Installing gutter guards and retrofitting your vent screens are some of the easiest ways to protect your home against wildfires. This is also known as home hardening and helps improve the chances of your home withstanding a fire due to ember cast, radiant heat, or direct flames. These and several other improvements can be made to your home to be better prepared for this fire season and future years to come.
Fires in roof gutters can easily spread to the exposed roof coverings. Aside from cleaning your gutters on a regular basis during fire season, installing gutter guards are inexpensive and easy to do. The guards prevent debris from pilling up in your gutters which can easily ignite from falling or windblown embers. The gutter guards also keep leaves out of drainpipes which can lead to clogs, damage or back-ups on rainy days. It is important that you use a noncombustible gutter guard.
Most of the older homes in and around the wildland urban interface (WUI) have ¼-inch openings in the vent screens. The screens come in various shapes and styles, but we recommend a minimum of a 1/8-inch noncombustible corrosion-resistant metal mesh screen to prevent embers from getting into your attic or crawl space. This size vent screen is the most common and requires less maintenance. 1/16-inch screens are also available, but you should consult with a building contractor, architect, or engineer to ensure that adequate ventilation exists based on the potential for restricted airflow. Note, vent screens will not prevent the intrusion of all embers, but it will help minimize their size and make your home more resistant to ember cast and wildfires.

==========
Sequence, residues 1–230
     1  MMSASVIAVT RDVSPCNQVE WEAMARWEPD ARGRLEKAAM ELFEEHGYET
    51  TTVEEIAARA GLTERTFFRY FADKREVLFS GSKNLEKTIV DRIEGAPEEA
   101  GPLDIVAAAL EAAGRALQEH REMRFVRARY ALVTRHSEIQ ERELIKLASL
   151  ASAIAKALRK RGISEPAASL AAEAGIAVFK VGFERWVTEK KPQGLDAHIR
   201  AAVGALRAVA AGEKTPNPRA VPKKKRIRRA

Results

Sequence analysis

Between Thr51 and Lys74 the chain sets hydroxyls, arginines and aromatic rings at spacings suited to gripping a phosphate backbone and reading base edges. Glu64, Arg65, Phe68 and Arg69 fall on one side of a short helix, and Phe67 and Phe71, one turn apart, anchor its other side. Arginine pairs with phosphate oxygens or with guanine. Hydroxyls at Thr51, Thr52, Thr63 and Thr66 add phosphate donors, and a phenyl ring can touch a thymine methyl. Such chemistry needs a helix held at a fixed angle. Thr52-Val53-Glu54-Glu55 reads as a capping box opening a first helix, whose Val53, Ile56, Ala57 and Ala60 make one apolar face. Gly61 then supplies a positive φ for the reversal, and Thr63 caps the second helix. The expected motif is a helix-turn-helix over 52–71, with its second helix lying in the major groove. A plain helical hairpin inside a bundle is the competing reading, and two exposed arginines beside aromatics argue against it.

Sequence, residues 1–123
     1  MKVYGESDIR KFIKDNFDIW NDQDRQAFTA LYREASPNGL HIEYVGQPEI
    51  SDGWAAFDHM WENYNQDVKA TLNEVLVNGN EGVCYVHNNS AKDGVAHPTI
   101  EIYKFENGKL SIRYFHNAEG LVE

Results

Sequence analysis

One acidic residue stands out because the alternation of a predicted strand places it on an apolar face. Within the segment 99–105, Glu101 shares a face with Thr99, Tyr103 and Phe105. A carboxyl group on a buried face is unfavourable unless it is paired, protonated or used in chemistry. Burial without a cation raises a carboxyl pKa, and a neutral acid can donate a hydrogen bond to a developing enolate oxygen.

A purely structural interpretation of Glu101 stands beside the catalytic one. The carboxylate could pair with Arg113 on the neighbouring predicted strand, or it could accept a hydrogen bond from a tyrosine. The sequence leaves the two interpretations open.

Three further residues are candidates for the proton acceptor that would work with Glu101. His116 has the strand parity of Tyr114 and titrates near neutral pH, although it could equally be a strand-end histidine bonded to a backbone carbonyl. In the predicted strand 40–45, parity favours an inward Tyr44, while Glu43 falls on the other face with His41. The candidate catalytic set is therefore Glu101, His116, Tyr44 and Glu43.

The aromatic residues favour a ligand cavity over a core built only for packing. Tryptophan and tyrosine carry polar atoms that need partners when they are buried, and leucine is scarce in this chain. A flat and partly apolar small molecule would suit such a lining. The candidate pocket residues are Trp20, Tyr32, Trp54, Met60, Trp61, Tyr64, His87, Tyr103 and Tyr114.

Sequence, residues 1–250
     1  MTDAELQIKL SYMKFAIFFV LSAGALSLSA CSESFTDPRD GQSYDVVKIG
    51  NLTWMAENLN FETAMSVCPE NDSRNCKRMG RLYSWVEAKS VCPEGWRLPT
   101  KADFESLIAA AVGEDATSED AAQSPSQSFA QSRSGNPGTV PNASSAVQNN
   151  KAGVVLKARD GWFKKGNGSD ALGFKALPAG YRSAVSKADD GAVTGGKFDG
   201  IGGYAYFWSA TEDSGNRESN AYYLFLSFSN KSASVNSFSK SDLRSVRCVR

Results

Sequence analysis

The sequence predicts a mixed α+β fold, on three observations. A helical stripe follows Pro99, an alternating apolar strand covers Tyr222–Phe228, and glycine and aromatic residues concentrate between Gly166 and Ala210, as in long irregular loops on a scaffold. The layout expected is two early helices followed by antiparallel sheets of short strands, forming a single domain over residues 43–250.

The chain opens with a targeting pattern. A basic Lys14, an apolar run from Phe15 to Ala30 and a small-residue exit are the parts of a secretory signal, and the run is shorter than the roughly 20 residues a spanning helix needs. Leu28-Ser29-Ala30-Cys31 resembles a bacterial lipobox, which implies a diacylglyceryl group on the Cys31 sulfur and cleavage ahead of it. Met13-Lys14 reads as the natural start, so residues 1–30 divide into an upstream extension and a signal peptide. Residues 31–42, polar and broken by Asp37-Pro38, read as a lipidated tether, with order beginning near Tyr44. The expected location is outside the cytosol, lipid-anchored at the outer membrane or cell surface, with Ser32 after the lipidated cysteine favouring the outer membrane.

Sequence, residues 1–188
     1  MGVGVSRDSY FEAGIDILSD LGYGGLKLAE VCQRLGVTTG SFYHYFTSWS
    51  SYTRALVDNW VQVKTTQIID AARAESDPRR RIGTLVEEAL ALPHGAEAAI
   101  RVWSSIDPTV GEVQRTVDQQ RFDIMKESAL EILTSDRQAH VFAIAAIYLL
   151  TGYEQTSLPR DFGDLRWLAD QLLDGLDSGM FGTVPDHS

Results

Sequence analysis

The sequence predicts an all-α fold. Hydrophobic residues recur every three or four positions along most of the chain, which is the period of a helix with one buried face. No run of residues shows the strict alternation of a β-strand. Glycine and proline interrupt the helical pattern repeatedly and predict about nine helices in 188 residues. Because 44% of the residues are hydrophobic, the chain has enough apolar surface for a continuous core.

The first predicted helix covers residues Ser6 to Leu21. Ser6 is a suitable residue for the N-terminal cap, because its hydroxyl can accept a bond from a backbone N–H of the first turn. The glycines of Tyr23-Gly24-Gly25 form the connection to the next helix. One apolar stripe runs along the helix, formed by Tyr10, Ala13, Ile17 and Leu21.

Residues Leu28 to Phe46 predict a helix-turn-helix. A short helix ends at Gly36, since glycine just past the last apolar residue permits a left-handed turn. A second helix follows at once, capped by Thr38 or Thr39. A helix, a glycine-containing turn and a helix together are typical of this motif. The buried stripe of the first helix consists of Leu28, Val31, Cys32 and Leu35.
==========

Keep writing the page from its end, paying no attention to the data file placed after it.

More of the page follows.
The Fire Department has been awarded a FEMA funded Hazard Mitigation Grant Program (HMGP) project to aid in home hardening. The first phase of the two-phase project will be to identify eligible residents that reside within the Wildland Urban Interface Area on a first come, first serve basis. The project would fund vent screening and roof gutter guards for structures and defensible space improvements. The second phase would be to physically implement the improvements. Look for more information in the coming months through City Connections and by visiting the City Efforts to Reduce Wildfire Risk at srcity.org/WildfireReady.
For more ways to harden your home, review the Wildfire Retrofit Guide and CAL FIRE’s Low Cost Retrofit List in our Property Owner Resource Library at srcity.org/WildfireReady.